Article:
Usually when I'm training, the idea of what will happen when the race arrives and the plan ends terrifies me. In the past year, I've dealt with this by signing up for another race immediately, so I could just roll right into another training plan. I swore that the Stone Mill 50 Miler would be the end of this long string, and I would actually give myself some time off after the race. Knowing I have the Myrtle Beach Marathon in February and I'll be training for that by Christmas gives me "permission" to fool around until then, because I know I have something on the horizon.
I'm a weirdo, so when I'm operating with no training plan, I plan out my workouts for the week and usually even write them down or put them in my google calendar. I'm imagining my non-running friends and family reading this and wondering what the hell is wrong with me, but I know my fellow runners understand.
Now that the race is behind me, it's time to get back to my roots and have running be a workout I do, not THE workout I do. Monday I had big plans to go to Body Pump and start the week off strong with a scary weight training workout, the total opposite of running.
Total fail. I ran 7.2 miles at a 9:10 pace. Or in other words, did the exact same thing I've been doing all along. In my defense, it was over 60 degrees out, and I didn't expect to get in many post - Thanksgiving runs in shorts and a t-shirt. Once again, probably something that sounds crazy to non - runners but has runners nodding their heads in agreement, that, well, obviously, its 60 degrees in November, so running outside was the only choice.
The rest of the week I fulfilled my previous set out goals and even had to do two Daily Mile entries each day because I did two different types of workouts.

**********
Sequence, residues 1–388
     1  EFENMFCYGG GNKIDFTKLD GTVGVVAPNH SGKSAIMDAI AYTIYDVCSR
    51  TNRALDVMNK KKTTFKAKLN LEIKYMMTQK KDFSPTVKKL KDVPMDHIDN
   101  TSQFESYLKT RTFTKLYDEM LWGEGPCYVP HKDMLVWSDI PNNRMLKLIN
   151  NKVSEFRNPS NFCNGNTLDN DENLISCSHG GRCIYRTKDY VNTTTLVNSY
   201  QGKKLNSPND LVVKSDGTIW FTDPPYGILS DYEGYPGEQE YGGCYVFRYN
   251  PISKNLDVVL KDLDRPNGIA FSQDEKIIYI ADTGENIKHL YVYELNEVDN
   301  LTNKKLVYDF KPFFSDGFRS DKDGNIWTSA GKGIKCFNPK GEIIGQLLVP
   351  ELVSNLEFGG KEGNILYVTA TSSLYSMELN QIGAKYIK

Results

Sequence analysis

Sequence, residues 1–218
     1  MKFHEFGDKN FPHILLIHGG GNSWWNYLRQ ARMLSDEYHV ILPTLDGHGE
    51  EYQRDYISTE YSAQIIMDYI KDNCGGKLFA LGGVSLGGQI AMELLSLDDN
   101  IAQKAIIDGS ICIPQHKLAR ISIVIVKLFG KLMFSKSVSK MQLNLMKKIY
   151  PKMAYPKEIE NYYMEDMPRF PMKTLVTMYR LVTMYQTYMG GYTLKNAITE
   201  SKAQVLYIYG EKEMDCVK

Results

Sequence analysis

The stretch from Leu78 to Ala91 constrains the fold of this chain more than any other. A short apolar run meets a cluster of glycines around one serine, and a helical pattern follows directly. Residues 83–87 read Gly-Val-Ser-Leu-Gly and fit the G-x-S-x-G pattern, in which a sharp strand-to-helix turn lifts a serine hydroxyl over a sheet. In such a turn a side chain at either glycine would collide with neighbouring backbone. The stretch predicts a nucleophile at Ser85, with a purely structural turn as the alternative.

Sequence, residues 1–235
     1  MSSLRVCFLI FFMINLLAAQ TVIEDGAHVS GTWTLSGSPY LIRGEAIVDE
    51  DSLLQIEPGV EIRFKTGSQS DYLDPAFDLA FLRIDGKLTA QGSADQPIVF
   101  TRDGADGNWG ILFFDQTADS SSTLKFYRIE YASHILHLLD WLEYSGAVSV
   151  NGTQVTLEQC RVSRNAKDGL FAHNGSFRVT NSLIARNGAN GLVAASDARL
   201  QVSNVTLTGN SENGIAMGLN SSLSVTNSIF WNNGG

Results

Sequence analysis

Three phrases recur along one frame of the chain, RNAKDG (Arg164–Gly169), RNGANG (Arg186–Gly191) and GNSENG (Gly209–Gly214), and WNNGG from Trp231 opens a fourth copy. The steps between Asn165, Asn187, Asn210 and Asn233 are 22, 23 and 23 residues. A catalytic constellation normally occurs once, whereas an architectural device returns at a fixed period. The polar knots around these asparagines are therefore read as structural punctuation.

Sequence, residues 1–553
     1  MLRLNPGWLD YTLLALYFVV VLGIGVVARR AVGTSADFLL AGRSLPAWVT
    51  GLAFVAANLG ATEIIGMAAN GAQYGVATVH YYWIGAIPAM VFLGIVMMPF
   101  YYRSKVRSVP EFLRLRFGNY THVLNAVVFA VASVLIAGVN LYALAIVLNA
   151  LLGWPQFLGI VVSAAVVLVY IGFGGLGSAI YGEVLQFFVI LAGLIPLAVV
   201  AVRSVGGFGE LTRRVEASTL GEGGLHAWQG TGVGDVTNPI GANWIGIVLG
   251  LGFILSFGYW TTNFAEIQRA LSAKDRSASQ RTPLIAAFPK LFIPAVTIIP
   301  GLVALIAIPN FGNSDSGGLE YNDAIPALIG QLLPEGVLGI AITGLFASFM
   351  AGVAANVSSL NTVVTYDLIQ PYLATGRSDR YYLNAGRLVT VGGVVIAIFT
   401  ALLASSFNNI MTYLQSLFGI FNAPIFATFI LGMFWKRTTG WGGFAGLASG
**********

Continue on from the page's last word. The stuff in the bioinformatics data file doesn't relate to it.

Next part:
Tuesday I went to a class called "Cardio Blast". At the YMCA, you really never know what you're going to get going in to a class that they invented, so I wasn't sure if it would be a joke or nearly destroy me. It was the latter. I've never been to a boot camp, but from what I understand, this was similar. The class alternated one minute of strength with one minute of cardio, and after 2.5 minutes I thought I was going to have to either leave or be hospitalized. First of all, my arms were massively confused about why they were being asked to take part in the workout, as opposed to their usual plan of gently pumping by my sides while my legs did all the work. Second of all, when you consistently run at a similar pace, your heart rate is generally the same, and I think mine is probably in the low 150s on most of my runs. It was over 170 for almost the entire class, so that was a shock to my system. I was super ambitious and tried to go to Spin after, but it was full, so I just read a magazine for 30 minutes on the elliptical.
Wednesday I really shocked myself and got out of bed at 5:30 to go swimming.This is nearly impossible for me because I hate swimming at the YMCA, and it's hard enough to wake up at that time to run, which I love. Counting the laps in the super chlorinated pool is boring. Also I'm bad at it. I did 1000 meters in 31 minutes, which I'm pretty sure is the equivalent of a 47 minute mile. But if I really want to do a Half Ironman in the spring, I better get on board with it, because I'm sure as hell not doing any open water swims while training in March. After swimming I continued with my magazine for 20 minutes on the elliptical.
This morning I did a super easy 4 miles, except they weren't super easy because just washing my calves in the shower hurts them, and I'm walking only slightly better than after the 50 miler. Then I further tortured myself with Jillian Michaels No More Trouble Zones, which is a strength training DVD that you do all sorts of crazy moves with weights.
So, essentially, someone is going to have to carry me during this Saturday's Hot Chocolate 15K, or I'll have to crawl. Just get me to the chocolate.